In lieu of a transcript of proceedings, a stipulated bystander's report of proceedings has been submitted as part of the record for review. According to the bystander's report, the plaintiff testified at the two-day trial held on October 26 and 27, 1981, that in May of 1978, when he was 19 years of age, he purchased a white 1968 Mercedes Benz automobile from the defendant. While he was looking at the vehicle, he said, a salesman named Dennis approached him and told him that the car might have a problem with the transmission and might have a "few" rust spots. Plaintiff testified, "To me, the car looked as though it was in excellent shape and had no rust spots." Dennis told plaintiff that it was his first day on the job as a salesman and that these particular problems with the car could be remedied. At that time the sales manager, named Smitty, approached Dennis and the plaintiff. According to plaintiff,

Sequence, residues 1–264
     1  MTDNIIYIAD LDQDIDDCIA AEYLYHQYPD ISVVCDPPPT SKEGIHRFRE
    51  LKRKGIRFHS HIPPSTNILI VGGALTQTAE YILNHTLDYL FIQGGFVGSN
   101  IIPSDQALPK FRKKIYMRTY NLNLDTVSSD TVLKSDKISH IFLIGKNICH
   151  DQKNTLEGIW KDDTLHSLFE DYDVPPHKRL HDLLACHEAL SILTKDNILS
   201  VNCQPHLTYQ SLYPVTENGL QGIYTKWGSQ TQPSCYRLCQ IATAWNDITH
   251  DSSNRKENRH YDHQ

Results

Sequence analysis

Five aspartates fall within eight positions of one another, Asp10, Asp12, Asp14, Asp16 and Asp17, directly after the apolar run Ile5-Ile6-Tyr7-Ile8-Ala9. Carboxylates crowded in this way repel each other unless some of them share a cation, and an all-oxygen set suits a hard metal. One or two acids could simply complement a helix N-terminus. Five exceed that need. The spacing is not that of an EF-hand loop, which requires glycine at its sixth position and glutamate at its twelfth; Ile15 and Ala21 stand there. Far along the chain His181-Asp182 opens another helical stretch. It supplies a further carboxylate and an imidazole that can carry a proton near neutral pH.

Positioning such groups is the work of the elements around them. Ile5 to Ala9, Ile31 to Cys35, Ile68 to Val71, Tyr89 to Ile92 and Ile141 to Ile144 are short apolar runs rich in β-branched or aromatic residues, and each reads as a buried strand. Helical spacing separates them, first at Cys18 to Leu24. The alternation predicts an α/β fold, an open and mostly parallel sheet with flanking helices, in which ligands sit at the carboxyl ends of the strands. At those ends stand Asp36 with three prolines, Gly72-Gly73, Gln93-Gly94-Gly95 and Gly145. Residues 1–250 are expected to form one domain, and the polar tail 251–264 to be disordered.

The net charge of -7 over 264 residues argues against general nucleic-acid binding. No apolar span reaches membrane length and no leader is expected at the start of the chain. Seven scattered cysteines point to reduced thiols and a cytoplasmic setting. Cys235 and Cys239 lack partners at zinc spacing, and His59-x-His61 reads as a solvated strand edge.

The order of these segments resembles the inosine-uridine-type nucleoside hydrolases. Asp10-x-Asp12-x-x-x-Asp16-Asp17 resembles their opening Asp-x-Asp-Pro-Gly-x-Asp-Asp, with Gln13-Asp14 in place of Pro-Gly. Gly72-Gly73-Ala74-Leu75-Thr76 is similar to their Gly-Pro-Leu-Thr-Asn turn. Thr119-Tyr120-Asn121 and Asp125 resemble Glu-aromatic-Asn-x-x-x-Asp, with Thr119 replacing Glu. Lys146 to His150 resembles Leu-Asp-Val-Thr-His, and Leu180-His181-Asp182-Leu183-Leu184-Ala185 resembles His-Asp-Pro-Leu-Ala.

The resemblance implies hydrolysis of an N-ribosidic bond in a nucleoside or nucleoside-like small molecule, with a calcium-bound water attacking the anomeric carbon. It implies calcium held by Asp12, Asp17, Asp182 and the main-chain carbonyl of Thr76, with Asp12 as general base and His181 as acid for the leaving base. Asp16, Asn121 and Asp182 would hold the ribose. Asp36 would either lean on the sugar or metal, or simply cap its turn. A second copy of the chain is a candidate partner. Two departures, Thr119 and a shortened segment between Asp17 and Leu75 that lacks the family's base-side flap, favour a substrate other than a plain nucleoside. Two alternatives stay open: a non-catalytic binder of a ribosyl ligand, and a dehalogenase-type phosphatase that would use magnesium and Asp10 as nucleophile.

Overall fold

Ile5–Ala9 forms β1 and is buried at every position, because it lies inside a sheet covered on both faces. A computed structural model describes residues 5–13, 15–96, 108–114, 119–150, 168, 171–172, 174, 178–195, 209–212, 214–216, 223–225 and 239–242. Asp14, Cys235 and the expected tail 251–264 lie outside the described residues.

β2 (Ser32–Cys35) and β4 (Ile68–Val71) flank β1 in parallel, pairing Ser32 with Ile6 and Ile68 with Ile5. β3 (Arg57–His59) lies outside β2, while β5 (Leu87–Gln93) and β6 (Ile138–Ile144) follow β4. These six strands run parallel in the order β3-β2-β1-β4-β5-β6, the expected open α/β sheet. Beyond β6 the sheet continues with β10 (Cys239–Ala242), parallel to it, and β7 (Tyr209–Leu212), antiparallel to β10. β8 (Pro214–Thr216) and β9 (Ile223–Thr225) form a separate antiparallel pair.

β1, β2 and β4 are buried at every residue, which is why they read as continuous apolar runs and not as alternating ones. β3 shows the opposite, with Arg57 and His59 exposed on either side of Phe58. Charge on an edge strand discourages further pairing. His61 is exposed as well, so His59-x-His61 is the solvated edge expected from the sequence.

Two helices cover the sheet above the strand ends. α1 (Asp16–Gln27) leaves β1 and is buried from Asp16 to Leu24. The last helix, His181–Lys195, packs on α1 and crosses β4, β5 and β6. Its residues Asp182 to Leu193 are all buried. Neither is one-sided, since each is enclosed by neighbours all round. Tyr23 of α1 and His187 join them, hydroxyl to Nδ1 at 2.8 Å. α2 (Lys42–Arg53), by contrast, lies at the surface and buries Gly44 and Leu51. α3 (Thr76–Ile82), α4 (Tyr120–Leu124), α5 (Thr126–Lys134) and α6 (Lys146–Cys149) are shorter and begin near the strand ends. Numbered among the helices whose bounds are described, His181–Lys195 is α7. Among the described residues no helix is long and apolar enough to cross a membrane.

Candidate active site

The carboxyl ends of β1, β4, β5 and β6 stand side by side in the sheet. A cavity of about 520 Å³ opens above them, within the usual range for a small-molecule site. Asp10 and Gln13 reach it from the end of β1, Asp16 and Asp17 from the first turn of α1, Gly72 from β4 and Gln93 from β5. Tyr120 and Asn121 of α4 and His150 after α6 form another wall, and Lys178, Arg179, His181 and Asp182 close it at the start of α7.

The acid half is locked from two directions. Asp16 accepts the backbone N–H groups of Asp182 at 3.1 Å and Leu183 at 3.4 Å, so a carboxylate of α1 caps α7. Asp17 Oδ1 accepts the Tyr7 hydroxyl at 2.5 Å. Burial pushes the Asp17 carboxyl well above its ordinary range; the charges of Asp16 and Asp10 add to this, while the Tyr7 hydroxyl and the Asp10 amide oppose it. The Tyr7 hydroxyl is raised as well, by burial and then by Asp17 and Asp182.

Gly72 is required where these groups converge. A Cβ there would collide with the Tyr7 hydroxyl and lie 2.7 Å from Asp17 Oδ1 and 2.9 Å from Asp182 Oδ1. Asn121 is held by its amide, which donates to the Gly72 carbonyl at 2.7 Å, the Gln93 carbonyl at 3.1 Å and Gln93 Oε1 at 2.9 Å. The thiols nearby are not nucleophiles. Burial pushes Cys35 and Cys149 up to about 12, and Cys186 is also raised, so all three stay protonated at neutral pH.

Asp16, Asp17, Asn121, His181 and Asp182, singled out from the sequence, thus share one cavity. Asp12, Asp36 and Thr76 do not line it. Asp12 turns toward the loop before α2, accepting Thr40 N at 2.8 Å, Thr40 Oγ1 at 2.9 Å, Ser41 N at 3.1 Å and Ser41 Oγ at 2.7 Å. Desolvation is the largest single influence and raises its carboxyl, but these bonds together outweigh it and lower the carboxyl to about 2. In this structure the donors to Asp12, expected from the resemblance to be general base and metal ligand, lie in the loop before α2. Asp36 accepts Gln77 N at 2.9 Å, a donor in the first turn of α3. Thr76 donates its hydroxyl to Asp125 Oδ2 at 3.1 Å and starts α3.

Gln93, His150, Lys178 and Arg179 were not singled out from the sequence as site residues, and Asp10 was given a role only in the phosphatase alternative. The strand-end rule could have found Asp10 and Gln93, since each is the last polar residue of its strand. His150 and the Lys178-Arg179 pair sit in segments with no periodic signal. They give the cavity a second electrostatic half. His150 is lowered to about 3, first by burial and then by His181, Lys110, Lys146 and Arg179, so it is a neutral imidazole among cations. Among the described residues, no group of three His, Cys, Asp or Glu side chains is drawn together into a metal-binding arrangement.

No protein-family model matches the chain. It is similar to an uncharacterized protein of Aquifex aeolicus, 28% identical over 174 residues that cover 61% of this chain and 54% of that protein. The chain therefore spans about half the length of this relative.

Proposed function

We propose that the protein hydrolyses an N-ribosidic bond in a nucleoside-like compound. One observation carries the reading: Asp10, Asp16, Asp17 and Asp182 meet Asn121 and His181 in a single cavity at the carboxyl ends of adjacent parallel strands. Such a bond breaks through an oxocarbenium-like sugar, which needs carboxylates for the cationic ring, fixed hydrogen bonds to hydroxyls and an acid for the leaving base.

"He identified himself by name and said that he was the sales manager. He told Dennis that he would be able to take care of me. When Dennis left, Smitty said that he (Dennis) must have had his cars mixed up; that the car was in `fine shape'; that there was nothing wrong with the body or transmission; that the car was in excellent condition. I did not ask Smitty about the condition of the engine or the drive train. I believed him because he was the sales manager and because I thought that this was a reputable dealership.